Russian news media puzzle over actions of Constantinople


by Andrei Melnikov

Nezavisimaia Gazeta, 3 December 2018


From the Synod of the Constantinople church, which occurred from Tuesday to Thursday, sensations were expected—and a sensation was gotten. But completely unlike what was expected. Everybody was prepared to hear from the bishops meeting in Istanbul a decision regarding the unification council of the future autocephalous Ukrainian church. Not just the announcement of a "green light" to the autocephalists in Kiev but also an exact date of the conducting of the council. At least a communiqué to the effect that the conference of representatives of the three Ukrainian jurisdictions will begin before the end of the year.


Disagreements also have been sustained with regard to whether the Synod confirmed a charter of the future Ukrainian church. The documents have still not been published and only rumors about them are circulating. Experts are inclined to think that Constantinople confirmed some fundamental act and the full text of a charter may be confirmed by the Ukrainian council itself and not be imposed upon it from above.


That the council will be held in December the public nevertheless heard, but from the president of Ukraine. It has already become a tradition that the concrete decisions adopted at conferences of hierarchs of the patriarchate of Constantinople are reported not by them themelves but by Petro Poroshenko. "I can say that it (the council—NG) will be in the middle of December and maybe in the first half of December. Participants in the council will select a primate of an independent autocephalous local Orthodox—and most important—Ukrainian church," Poroshenko reported "secretly" on his official website.


At the same time the president added several flowery phrases that traditionally accompany just about each of his statements about the process of autocephaly. Poroshenko said that "just as the army is the guarantor of our independence, the guarantor of spiritual independence is an autocephalous Orthodox church." And on Saturday in a video broadcast he assured that "the Moscow patriarchate will no longer spread its fingers like a fan and also brand who among us is canonical and who among us is without grace."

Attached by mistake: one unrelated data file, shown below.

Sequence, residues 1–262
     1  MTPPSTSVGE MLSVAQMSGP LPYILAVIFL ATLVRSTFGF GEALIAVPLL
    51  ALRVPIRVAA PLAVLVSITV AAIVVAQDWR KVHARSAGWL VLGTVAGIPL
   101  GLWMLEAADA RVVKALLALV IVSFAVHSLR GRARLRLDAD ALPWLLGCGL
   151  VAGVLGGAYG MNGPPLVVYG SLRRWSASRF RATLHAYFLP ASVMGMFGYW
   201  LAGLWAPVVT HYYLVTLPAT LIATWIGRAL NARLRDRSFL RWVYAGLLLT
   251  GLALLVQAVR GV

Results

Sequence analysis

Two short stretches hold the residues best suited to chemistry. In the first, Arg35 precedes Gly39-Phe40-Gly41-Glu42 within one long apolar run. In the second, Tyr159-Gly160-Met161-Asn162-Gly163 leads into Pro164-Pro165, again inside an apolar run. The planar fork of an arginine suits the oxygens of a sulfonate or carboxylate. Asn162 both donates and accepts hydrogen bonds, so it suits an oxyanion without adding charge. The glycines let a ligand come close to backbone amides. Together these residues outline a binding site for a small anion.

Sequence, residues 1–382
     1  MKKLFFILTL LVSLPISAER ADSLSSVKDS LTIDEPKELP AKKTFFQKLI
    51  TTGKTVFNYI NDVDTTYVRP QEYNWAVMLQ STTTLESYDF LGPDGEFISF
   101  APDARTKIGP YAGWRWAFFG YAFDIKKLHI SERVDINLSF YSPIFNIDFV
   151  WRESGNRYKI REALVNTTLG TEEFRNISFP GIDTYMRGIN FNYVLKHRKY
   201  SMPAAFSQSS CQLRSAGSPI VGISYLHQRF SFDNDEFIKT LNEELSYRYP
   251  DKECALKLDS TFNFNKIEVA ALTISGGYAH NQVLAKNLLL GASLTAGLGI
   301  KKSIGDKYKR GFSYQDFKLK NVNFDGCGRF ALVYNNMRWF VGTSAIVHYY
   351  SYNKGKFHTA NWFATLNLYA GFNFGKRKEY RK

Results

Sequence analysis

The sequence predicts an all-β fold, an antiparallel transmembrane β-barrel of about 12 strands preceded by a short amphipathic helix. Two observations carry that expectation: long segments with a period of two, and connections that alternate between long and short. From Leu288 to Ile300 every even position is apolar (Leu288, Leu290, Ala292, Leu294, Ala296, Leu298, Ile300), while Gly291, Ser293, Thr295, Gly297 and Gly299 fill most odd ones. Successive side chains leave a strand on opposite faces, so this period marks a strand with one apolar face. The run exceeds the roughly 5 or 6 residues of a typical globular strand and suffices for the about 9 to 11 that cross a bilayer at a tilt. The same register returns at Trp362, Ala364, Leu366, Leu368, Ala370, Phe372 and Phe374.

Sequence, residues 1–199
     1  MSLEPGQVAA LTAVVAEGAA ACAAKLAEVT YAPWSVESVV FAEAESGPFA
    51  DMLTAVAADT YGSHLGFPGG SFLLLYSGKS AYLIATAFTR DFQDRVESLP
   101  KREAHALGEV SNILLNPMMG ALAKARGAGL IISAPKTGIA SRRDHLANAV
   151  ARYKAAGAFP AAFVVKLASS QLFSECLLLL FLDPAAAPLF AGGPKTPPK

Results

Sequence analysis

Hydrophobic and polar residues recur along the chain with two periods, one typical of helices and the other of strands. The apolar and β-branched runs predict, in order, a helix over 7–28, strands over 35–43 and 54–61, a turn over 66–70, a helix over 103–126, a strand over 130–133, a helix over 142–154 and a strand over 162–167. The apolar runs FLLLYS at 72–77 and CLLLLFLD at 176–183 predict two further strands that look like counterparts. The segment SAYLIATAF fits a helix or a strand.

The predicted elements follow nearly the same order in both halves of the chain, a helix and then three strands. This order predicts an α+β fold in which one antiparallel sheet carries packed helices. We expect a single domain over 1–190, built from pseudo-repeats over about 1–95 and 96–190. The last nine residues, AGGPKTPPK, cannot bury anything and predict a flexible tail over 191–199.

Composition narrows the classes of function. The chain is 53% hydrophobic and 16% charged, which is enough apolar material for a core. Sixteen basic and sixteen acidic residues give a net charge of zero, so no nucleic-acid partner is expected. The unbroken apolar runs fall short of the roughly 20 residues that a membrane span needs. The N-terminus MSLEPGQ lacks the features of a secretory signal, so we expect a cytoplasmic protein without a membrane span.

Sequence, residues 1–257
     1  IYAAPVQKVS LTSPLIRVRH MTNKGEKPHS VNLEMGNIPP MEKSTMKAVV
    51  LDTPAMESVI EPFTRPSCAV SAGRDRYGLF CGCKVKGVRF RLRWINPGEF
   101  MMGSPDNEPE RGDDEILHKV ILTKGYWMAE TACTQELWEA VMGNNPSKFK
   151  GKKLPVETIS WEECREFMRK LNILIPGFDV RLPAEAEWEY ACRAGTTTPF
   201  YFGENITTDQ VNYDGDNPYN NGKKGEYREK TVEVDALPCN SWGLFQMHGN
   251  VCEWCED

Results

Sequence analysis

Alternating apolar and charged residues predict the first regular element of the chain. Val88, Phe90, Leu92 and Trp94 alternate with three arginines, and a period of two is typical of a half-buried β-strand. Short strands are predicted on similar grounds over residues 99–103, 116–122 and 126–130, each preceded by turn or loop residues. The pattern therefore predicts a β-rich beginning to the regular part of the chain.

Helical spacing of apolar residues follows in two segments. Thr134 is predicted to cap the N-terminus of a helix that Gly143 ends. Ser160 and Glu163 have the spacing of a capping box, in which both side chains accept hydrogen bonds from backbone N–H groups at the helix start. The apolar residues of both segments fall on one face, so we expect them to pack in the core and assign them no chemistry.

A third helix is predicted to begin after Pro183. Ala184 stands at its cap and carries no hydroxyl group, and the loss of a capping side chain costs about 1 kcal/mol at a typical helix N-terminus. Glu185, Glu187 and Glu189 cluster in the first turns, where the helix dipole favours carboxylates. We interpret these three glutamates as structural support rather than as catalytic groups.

Possibly the evasive information policy of Constantinople is connected with the fact that it is still difficult to persuade representatives of the Ukrainian Orthodox Church of the Moscow Patriarchate (UPTsMP) to participate in the unification process. Poroshenko on Saturday awarded the order of Yaroslav the Wise to two hierarchs of the UPTsMP, Metropolitan Sofrony and Metropolitan Anatoly. It is suggested that this will strengthen their resolve to cooperate with the autocephalists.


As the news media and church sources themselves report, the authorities are acting on the UPTsMP not only with a carrot but also a stick. Allegedly several bishops have been summoned to the S.B.U. for conversations and searches were conducted in the house of the vicar abbot of the Kiev caves lavra, Metropolitan Pavel. The metropolitan assures that he has not been in this house for several years. The evidence that Lebed made public could adorn a story in the style of Gogol, but it absolutely does not clarify the situation about the metropolitan's finances: "And when we had a serious operation (someone used germ warfare on me) in 2014, this house was burglarized. Five icons were stolen and a box of vodka was taken, which had been there."


But let's return to the Synod in Istanbul, which was not without clear events. On Tuesday Constantinople withdrew a tomos (order) from 1999 regarding the creation of its exarchate within the archdiocese of Russian Orthodox parishes in western Europe. This jurisdiction of White émigrés transferred under the omophorion of Constantinople in 1931, and in the course of the 20thcentury its status within the ecumenical patriarchate changed several times. Now it is proposed that the Russian parishes be directly subordinate to the heads of eparchies of the Constantinople church and not to its own leader, Archbishop Ioann.


However the Russian exarchate refused to submit to the Synod in Istanbul. On Friday the council of the archdiocese issued a communiqué in which the order of the Synod was called a surprise. Russian parishes declared their insistence on maintaining loyalty and submission to Archbishop Ioann. The document speaks of the intent to maintain its Russian identity. A pastoral conference is scheduled for 15 December, during which the clergy of the dissolved exarchate will give their own response to Constantinople.


"While being rooted in western European society, the archdiocese has acquired some elements of western culture. The first is adherence to democratic values, based on human rights and also collegial discussion prior to making any decision," the document of the archdiocese says. Observers see in these lines a decisive reluctance to move to the side of the RPTs, to which, perhaps, Constantinople is gradually pushing Russian believers of western Europe. (tr. by PDS, posted 3 December 2018)

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